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What story stays in your heart?

Things of the heart are hard to predict. Even though I’ve heard this story several times, I find that unexpected emotion surfaces at every telling. This tale may be true, or the result of someone’s tender imagination. It really doesn’t matter. It’s a story with heart.

The narrative begins with a young child in a full-blown meltdown — a flailing, screaming tantrum — in an airport boarding area. The boy is traveling with his pregnant mother who, after several wholly unsuccessful attempts, is at a complete loss about how to calm him. Clearly exhausted, she sinks to the floor in tears next to her child.

And then it happens. Women — seven or eight as I envision it, slowly come forward from various parts of the boarding area. They are strangers to the mother and son — and to each other. Women of all ages and ethnicities approach and encircle the mother and son. Crouching down quietly, they begin to sing “Itsy Bitsy Spider.” Other things happen, of course. These comforting women offer tissues and find the sippy cup. They have water and snacks and a cuddly toy.

But it’s the singing and the song itself that always leaves me smiling but wet-eyed. ”Itsy Bitsy Spider” is a decades-old nursery rhyme. Some people refer to it as a folk song. It relates the adventures of a spider as it ascends, descends and reascends the downspout (waterspout) of a gutter system. It’s usually accompanied by a series of gestures and finger exercises that mimic the words. After a few renditions of it, you really admire the gumption and perseverance of that spider.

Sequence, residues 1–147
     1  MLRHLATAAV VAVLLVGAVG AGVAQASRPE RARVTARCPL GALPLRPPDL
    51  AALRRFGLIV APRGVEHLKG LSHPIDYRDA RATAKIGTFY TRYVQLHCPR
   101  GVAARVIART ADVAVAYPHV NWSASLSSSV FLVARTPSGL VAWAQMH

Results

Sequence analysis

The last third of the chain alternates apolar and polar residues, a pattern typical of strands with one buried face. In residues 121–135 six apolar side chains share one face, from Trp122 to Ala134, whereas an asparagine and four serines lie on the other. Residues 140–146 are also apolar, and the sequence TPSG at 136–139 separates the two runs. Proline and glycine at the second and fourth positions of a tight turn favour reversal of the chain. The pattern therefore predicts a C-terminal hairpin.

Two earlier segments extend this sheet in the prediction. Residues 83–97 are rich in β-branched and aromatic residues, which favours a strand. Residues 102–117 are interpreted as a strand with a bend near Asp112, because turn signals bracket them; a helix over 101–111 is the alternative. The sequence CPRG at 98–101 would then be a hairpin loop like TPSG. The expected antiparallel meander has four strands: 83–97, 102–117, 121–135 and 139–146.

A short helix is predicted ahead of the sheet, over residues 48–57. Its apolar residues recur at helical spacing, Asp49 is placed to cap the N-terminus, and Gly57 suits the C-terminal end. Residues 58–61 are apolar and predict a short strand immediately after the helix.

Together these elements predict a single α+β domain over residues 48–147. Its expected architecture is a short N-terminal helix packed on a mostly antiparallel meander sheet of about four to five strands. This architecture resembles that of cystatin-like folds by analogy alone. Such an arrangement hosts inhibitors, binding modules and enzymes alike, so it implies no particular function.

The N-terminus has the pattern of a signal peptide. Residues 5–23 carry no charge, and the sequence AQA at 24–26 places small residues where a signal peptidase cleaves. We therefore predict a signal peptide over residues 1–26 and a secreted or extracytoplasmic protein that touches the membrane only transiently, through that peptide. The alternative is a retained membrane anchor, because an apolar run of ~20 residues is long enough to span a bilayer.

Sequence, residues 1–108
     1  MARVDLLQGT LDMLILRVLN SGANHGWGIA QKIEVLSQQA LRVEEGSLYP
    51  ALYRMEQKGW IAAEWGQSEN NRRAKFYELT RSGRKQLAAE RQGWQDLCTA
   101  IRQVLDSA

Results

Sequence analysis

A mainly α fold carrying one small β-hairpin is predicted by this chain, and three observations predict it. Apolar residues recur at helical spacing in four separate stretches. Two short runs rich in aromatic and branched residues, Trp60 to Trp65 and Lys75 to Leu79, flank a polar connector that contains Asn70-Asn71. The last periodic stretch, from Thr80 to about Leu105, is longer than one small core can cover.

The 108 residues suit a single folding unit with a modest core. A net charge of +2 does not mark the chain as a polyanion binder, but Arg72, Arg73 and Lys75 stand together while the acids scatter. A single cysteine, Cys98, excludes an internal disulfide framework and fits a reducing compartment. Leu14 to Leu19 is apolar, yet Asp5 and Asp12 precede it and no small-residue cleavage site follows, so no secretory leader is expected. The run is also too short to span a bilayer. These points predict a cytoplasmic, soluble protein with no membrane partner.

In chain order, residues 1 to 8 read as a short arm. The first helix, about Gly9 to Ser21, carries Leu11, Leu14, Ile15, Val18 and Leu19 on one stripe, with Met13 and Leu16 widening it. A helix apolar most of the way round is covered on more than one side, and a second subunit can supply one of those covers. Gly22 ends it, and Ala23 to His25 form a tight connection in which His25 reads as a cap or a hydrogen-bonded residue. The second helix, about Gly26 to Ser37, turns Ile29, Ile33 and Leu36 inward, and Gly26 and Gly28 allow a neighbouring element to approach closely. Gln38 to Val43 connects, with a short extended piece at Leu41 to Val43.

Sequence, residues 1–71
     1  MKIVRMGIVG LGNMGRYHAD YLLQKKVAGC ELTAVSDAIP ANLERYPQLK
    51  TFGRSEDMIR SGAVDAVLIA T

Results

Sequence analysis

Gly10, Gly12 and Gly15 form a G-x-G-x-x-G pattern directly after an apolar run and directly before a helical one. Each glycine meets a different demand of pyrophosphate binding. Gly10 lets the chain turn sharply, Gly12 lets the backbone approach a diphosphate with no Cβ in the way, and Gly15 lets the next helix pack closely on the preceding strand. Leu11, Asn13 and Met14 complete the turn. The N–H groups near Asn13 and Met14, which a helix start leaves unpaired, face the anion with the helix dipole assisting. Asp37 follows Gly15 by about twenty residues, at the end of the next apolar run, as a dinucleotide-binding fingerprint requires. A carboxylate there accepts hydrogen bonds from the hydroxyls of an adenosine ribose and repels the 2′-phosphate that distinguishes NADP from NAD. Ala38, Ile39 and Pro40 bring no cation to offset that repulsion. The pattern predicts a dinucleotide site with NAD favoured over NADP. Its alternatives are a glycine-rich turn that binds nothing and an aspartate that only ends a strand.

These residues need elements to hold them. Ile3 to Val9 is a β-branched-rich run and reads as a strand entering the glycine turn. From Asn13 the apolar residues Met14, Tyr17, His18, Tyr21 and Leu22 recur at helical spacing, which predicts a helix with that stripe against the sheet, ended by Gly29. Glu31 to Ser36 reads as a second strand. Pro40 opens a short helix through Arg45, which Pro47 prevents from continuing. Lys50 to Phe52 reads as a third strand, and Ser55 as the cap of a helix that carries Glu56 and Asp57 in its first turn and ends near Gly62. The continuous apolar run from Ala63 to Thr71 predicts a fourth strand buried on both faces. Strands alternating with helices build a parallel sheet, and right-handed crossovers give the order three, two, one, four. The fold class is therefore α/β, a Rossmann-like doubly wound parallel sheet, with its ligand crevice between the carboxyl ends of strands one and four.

I have sung “Itsy Bitsy Spider” to all our grandchildren. Perhaps you have done the same. More than a decade ago I sang it to my daughter’s boyfriend’s son as I dried his socks in front of our fireplace on an early winter morning. He was visiting us — we were both up early, and he was walking me through his young, tumultuous life. I was looking for a way to encourage him to be his “best self.”

In retrospect you might think I could have come up with better musical reference, but that song delighted him even though he was approaching 7 years old at the time. He had never heard it before, and it launched us into a discussion about spiders and sent me looking for our frayed copy of “Charlotte’s Web.” I witnessed him singing “Itsy Bitsy Spider,” with more flamboyant gestures than I had used, for his younger sister later in the day. I noted he did not try to scare her with the spider references — in fact, he made her smile; she even laughed. He was indeed being his best self. That was a complicated visit. My daughter’s boyfriend (who I never really liked much) is long out of the picture, but that young boy is in my heart forever.

What is your heartfelt story? What stays in your heart and makes your “best self” come forward on a regular basis? I do not know. I trust you do — or will. Maybe stories like these pave the way. Everyone has a story. Tell it well.

Sharon Johnson is an associate professor emeritus, Oregon State University, and the author of “How Gray is My Valley: Enlightened Observations About Being Old.” Reach her at Sharon@rbtrv.org.